Ecuador! Part Two

Looking up at the city of Quito from the valley underneath

To catch up with the first part of the Ecuador trip, click here.
After a jam-packed few days that included a wedding, pampering, and a road trip, things slowed down. This was mostly because I found myself stricken with the worst stomach bug I’ve ever caught. Monday’s plans were abandoned as I spent the day in various states of distress. I won’t go into detail, but I’ll just dish out one important thing that I learned from the fiasco: if you’re traveling in a new country, and you get a weird feeling about the food – just don’t risk it. No matter how good it smells. No matter how tasty it looks. No matter how cheap it is. No matter how many other people are eating it.

(In the US, my limited samplings of Ecuadorian food had included ceviche prepared by Xavier’s aunt, and a visit to an Ecuadorian restaurant in Charlotte, NC where the food was overwhelmingly Colombian. It seems like Ecuadorian food doesn’t get a lot of love outside of its own country. Once in Ecuador, I was excited to finally try the real stuff. In my excitement, I barely thought twice about stuffing myself with street food and stuff from casual roadside restaurants. Big mistake).

Anyway, by Tuesday afternoon I had somewhat recovered and was ready for limited action. The group of us made a little excursion to Mitad del Mundo, a monument and attraction at the equator. It’s only about thirty minutes from Cumbaya, the suburb of Quito where we were staying.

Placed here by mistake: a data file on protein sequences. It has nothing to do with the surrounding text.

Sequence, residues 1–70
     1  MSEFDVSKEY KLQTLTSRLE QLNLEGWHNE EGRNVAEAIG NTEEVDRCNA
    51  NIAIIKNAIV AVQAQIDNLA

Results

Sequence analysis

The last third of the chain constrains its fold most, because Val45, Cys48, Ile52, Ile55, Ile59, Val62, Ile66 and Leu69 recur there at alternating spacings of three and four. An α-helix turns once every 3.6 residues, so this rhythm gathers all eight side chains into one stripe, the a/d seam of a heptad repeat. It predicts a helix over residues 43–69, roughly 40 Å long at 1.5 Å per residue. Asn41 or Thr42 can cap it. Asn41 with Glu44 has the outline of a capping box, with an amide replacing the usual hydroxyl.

Looking down the path towards the equator momument

There were many little shops and attractions surrounding the monument. Although we explored an insectarium and some of the shops, the coolest thing by far was the model of Colonial Quito, put together by my friend Catae‘s father-in-law. I met Catae because she is married to Xavier’s best friend – and it was nice to meet her father-in-law and see the model of Quito that I’d heard so much about!

The photo doesn’t do it justice – it’s huge and amazing.

After saying hello, we actually approached the equator. There is a huge painted yellow line that lets you  know whether you’re in the north or south hemisphere.

After you get bored of the novelty of jumping from hemisphere to hemisphere, or standing in both hemispheres at once, you can explore the monument. First, you take an elevator to the top and look around. It was a cloudy and drizzly day, so much of the view was obstructed.

Next, you can explore the museum inside the building. There are artifacts and demonstrations of Ecuadorian life, particularly those of the Indians. My favorite artifact was a shrunken head, which I illegally photographed using flash.
After the museum, we had fun at the little site where you can observe the tangible effects of the equator. Apparently you weigh less at the equator, but when I jumped on the scale to find out, it turned out to be nonsense. Something slightly more rewarding was a little table set up directly on top of the equator, where you could balance an egg on a nail. Don’t ask me how this works, but it was pretty cool. (I will note that the table is splattered with crusty old egg from people who failed to manage the egg-balancing, though).
Afterwards, we got dinner at a small restaurant; everyone else got empanadas, but my still-tender stomach reeled at the thought of anything somewhat unfamiliar, and I could only tolerate french fries. So much for eating healthy!